For more than two years Angela, her elderly mother, and her 16-year-old nephew Tino, of whom Angela is guardian, have shared a single small bedroom. Angela and her nephew have bunk beds; her mom’s bed is across the room.
Priced out of their apartment in 2018, Angela said, “Rent just kept getting higher and higher.”
As a last resort, the three of them moved into the extra bedroom in a relative’s home.
Angela applied to Habitat for Humanity’s homeownership program in 2018 and began putting in her sweat equity – hours of volunteer service required of all Habitat homeowners to build their homes and the homes of their neighbors. Angela committed 290 hours of sweat equity while also holding down a full-time job.
Reflecting on that time, Angela said “I lived out of my car. I had no days off. I was burnt out and exhausted.”
In August of 2019, Angela was matched with a house in a new Habitat for Humanity neighborhood. She brought her mom and Tino to the site and showed them where their house would be. Tino picked out which bedroom would be his; her mom looked forward to having a front porch.
When the COVID-19 pandemic hit in March, Angela thought the dream she worked so hard to achieve had all but died. With so much of her future uncertain, she worried her house would not be finished, or that she would be disqualified from the program.
“I told Tino that whatever happens, we’ll make it through this.” Angela said.
As a provider of low-income housing, Tacoma/Pierce County Habitat for Humanity was deemed “essential” during Governor Inslee’s Stay Home, Stay Healthy Order. However, since suspending volunteer activity on March 18, the four Construction Site Managers were left to compensate for the estimated loss of 1,561 hours of volunteer labor (March, April).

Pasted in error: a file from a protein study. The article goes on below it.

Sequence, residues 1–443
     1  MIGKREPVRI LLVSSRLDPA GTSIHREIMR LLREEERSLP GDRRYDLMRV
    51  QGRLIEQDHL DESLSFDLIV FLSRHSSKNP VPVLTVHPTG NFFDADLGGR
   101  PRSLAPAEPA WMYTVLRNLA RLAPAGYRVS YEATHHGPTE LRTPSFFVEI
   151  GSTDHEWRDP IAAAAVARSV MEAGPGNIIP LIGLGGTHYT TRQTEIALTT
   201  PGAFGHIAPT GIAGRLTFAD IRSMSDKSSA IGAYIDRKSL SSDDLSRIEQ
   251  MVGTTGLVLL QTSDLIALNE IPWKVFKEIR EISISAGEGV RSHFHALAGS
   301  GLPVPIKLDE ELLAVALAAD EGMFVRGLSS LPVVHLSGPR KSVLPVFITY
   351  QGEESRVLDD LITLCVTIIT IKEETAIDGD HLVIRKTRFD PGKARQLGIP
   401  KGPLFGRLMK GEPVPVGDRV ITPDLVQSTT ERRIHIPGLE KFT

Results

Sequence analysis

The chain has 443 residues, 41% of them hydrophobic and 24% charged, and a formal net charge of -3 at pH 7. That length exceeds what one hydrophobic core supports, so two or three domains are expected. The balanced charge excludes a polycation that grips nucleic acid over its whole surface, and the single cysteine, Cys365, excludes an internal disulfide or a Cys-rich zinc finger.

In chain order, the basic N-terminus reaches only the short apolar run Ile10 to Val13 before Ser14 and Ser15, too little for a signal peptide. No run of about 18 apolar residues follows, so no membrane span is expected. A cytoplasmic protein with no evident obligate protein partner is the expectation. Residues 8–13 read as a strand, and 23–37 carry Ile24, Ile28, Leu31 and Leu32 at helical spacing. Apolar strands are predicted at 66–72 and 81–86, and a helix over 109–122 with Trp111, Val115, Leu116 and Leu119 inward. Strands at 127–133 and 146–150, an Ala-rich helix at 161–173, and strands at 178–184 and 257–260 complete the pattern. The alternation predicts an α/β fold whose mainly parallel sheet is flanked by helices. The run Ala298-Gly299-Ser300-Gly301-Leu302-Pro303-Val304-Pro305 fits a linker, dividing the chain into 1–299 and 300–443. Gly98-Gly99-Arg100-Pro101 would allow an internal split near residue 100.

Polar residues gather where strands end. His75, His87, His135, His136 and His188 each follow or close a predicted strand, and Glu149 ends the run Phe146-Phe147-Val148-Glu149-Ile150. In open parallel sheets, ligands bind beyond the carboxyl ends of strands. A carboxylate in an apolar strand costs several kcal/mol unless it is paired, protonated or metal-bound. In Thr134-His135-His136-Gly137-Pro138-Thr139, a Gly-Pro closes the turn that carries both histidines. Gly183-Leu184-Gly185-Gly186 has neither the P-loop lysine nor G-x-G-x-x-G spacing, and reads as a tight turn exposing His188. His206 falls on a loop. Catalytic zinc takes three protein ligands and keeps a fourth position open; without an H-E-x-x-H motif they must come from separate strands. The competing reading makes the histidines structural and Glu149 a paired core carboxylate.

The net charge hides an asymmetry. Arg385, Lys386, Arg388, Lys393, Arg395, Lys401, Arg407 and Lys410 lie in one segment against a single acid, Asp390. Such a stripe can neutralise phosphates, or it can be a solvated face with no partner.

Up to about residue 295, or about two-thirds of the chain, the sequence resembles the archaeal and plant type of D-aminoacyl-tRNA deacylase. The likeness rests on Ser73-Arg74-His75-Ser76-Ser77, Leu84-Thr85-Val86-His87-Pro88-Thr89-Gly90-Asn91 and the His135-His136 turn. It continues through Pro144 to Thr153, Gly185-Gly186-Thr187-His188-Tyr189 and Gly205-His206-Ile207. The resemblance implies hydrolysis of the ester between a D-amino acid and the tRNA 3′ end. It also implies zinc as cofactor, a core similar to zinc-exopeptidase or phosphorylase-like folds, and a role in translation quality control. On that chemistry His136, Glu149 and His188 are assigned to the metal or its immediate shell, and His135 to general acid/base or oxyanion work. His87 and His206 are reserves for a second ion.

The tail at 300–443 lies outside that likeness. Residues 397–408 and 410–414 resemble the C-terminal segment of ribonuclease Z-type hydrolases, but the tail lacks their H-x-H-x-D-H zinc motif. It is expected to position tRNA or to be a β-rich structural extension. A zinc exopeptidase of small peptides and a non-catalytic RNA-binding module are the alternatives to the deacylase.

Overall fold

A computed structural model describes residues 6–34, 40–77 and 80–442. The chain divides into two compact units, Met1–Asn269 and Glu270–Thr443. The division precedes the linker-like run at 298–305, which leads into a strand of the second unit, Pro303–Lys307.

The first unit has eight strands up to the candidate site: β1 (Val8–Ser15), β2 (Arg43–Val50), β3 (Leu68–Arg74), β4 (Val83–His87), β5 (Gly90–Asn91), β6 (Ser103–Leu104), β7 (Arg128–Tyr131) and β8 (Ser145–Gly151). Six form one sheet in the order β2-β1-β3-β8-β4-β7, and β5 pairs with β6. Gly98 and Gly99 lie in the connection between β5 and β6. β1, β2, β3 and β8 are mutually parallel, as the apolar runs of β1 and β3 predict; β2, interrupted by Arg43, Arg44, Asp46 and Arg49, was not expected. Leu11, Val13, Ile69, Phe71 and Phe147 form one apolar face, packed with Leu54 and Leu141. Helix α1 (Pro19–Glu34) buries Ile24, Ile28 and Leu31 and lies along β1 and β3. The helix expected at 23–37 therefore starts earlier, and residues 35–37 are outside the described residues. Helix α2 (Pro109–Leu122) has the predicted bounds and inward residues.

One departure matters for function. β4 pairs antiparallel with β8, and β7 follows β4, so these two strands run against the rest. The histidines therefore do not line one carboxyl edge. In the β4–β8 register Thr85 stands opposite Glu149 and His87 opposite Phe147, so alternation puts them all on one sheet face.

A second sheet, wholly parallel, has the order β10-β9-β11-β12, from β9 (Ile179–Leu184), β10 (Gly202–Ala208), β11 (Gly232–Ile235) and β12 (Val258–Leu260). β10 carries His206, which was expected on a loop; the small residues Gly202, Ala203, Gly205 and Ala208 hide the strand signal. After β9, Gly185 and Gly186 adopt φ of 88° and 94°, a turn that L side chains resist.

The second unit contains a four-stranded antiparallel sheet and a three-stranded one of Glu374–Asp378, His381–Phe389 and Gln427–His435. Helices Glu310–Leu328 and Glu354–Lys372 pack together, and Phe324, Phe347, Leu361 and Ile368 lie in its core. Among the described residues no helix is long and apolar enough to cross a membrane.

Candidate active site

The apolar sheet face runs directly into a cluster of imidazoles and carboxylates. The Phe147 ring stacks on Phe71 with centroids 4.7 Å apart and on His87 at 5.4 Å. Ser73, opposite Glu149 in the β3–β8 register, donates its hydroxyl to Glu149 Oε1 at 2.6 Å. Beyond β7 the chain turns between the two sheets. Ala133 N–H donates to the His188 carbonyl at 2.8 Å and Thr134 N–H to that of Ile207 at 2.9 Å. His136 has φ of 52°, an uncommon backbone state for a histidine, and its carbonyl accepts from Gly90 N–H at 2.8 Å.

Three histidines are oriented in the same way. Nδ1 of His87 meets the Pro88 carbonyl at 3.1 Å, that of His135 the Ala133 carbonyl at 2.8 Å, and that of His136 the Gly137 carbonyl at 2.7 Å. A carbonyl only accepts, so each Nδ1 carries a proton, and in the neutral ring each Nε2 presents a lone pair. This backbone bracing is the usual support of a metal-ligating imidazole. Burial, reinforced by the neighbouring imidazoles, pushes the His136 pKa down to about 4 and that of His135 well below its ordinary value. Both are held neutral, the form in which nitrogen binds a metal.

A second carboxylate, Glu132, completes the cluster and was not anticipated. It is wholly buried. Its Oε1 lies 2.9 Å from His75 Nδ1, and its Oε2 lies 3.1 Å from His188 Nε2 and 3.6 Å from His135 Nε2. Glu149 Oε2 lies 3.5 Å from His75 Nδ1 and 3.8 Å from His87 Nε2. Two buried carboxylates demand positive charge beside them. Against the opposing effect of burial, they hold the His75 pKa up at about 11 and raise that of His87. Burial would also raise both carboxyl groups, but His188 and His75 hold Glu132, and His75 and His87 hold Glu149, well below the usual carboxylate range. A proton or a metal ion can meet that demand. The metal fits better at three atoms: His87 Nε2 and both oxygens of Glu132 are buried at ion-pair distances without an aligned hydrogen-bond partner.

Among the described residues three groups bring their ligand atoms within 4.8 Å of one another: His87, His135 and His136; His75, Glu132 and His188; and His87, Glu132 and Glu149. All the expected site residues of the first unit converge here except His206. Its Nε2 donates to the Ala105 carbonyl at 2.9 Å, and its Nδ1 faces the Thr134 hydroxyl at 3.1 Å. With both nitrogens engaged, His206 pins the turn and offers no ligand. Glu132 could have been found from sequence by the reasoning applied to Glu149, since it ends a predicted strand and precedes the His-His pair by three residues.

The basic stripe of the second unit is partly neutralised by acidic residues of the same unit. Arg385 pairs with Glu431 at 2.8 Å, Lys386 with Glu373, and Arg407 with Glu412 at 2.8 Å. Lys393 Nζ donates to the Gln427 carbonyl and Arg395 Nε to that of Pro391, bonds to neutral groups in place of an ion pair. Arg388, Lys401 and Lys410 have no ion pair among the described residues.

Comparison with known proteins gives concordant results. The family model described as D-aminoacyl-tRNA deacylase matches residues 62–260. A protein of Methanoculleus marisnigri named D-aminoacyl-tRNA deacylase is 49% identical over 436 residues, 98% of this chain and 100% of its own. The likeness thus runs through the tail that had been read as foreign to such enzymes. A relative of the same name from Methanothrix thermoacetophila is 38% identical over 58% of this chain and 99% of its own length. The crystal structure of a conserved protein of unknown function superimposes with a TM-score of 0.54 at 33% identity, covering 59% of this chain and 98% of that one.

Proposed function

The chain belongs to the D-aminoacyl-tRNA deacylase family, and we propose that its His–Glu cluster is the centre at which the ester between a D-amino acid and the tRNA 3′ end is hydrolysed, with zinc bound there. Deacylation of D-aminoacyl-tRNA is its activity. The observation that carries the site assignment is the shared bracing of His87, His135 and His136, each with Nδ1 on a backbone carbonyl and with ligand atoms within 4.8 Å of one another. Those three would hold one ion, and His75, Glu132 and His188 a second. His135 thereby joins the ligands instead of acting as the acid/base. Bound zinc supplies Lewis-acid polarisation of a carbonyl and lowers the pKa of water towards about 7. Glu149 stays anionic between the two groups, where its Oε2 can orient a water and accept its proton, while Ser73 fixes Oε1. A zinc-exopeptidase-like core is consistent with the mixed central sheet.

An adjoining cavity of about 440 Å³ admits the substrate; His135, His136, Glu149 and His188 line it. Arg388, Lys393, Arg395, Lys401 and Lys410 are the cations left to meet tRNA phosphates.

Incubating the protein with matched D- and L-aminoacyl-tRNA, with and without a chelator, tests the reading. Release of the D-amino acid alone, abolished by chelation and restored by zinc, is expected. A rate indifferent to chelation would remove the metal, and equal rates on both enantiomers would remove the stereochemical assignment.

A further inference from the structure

“COVID-19 may have slowed down progress and changed the way we do business, and there were a couple of detours along the way. But it did not stop Habitat or our partners from providing a stable, safe, and affordable home for Angela’s family,” said Deena Giesen, Habitat’s Director of Homeowner Services.
Angela’s home is the first to be completed by Habitat since the Stay Home, Stay Healthy Order took effect.
The final loan paperwork was signed on May 11, making Angela a homeowner.
As the keys to her new home were handed off, Angela gestured toward her mother and nephew and said, “This is all for them. I did all of this so they could have a home.”
Maureen Fife, CEO, said, “The pandemic has challenged us to the very core of our operation, but I could not be more proud of the way the Habitat team has pulled together. Angela has waited a long time and has worked so hard to get here. It was a stretch to complete this home during these challenging times. But we needed to do it. For Angela, for ourselves, and for the greater Habitat community. We all need a win right now. And here it is: Angela and her family are home.”